Florida Digestive Specialists -  - Gastroenterologist

Florida Digestive Specialists

Gastroenterologists located in St. Petersburg, FL

ERCP is a specialized endoscopic procedure that allows the experts at Florida Digestive Specialists to examine your liver, gallbladder, and pancreas. In addition to accurately diagnosing the cause of your symptoms, the team uses their exceptional experience to perform precise treatments, such as placing stents in the narrow bile duct. If you need ERCP for symptoms like jaundice and abdominal pain, call one of the offices in St. Petersburg or Clearwater, Florida, or schedule an appointment online.


What is an ERCP?

The full medical term for ERCP is endoscopic retrograde cholangiopancreatography. This is a procedure to examine the liver, gallbladder, pancreas, pancreatic ducts, and bile ducts using a long, flexible device called an endoscope.

Your doctor at Florida Digestive Specialists guides the endoscope through your mouth, esophagus, stomach, and the top section of the small intestine until it reaches the area where the bile duct and pancreatic duct meet to enter the small intestine. 

When the endoscope is at the tiny opening, your doctor uses a very small tube to inject dye into the ducts so the structures are visible on X-rays. 

During your ERCP, your doctor may also treat problems. He may remove stones or a tumor, place a stent to improve bile flow, or take tissue biopsies.

When might I need an ERCP?

Your liver produces bile, which is stored in the gallbladder, then released into the small intestine through the bile ducts. Once it’s in the small intestine, bile helps digest fats.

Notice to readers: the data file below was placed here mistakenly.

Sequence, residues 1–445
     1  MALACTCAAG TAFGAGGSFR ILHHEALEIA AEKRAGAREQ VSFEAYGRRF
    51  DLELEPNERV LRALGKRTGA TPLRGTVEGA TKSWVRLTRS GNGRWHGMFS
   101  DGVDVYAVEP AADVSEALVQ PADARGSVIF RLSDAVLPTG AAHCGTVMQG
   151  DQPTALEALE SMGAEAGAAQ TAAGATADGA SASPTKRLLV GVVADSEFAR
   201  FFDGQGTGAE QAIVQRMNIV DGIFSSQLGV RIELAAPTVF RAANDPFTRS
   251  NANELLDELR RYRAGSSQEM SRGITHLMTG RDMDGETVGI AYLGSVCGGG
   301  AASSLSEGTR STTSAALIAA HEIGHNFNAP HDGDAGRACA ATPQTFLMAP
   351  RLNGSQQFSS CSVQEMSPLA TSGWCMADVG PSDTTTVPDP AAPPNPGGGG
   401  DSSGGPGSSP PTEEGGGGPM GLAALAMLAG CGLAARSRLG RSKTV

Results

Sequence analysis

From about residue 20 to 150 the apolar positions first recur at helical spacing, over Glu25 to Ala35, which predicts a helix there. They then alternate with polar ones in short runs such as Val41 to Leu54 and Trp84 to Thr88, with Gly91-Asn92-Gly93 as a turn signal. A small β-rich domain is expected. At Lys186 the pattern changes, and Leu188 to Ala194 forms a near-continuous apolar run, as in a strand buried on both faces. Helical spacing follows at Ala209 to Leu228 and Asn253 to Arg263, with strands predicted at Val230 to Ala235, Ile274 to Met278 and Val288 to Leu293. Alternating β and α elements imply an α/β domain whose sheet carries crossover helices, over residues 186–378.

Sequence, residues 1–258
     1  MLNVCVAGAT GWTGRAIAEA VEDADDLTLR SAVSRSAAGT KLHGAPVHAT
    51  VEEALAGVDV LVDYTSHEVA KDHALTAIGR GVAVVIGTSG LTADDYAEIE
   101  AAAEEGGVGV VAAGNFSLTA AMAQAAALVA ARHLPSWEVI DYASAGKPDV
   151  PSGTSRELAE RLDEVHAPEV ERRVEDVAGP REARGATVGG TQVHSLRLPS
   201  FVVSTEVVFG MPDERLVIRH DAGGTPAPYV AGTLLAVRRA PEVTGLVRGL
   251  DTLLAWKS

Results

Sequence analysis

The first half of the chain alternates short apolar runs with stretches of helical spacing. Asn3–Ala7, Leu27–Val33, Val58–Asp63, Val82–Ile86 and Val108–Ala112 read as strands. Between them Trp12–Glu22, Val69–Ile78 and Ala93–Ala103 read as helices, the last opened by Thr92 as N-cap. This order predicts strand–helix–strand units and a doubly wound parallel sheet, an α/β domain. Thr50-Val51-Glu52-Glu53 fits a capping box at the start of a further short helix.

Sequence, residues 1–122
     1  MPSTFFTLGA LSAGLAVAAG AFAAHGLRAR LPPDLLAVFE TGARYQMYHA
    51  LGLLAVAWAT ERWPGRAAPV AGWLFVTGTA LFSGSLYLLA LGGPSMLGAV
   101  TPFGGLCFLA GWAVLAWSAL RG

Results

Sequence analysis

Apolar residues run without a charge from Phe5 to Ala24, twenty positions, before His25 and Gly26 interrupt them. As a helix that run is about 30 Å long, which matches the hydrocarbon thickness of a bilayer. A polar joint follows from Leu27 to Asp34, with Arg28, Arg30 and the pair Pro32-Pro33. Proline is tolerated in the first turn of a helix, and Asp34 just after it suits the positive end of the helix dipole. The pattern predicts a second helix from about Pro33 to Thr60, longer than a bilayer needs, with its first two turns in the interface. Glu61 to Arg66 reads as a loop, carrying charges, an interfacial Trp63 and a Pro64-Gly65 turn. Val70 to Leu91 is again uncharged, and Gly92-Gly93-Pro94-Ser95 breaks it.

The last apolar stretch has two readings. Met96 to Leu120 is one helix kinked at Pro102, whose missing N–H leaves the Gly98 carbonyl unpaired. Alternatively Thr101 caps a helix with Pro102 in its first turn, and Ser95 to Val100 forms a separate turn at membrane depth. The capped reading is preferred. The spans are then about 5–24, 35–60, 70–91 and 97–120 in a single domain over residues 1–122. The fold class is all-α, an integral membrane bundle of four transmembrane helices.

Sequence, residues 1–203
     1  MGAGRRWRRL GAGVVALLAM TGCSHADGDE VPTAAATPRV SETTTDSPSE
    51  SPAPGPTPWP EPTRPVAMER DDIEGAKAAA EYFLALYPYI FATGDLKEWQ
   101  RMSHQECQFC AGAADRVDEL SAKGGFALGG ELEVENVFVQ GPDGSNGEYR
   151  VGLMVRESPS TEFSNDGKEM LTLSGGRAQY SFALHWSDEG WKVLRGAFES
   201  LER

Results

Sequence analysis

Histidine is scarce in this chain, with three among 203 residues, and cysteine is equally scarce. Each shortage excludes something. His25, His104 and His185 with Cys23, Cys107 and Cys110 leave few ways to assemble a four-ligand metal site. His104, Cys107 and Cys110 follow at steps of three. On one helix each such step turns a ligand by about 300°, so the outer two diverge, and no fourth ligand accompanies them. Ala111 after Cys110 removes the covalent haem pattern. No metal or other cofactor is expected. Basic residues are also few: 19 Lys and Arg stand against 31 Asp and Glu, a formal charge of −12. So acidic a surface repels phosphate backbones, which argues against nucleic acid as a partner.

The pancreas produces digestive enzymes, sending them to the small intestine through the pancreatic duct.

Your doctor at Florida Digestive Specialists may recommend ERCP when symptoms such as weight loss, jaundice, and abdominal pain suggest a problem in these organs or ducts. ERCP may also be needed to clarify the results of other diagnostic tests.

ERCP may diagnose several conditions including:

  • Infections in the ducts
  • Pancreatic cancer
  • Cancerous and noncancerous tumors in the ducts
  • Stones or blockages in the ducts


ERCP also provides information about conditions such as pancreatitis and liver cancer. The procedure is often used to determine the need for surgery.

What happens during an ERCP procedure?

When you have an ERCP, your stomach must be empty, so you shouldn’t eat or drink for about eight hours before your procedure. If you take medications, your provider at Florida Digestive Specialists may also ask you to adjust the dose or avoid certain drugs.

You receive a local anesthetic for your throat and sedation to keep you comfortable throughout the procedure. Then your doctor inserts the endoscope and performs your ERCP in a procedure that usually lasts about an hour.

After your ERCP, you may feel slightly bloated because air is used to inflate your small intestine. It’s also normal to have a sore throat for a short time. Otherwise, you can resume your normal diet after you leave the office.

If you have any questions about symptoms or ERCP, call Florida Digestive Specialists or schedule an appointment online.

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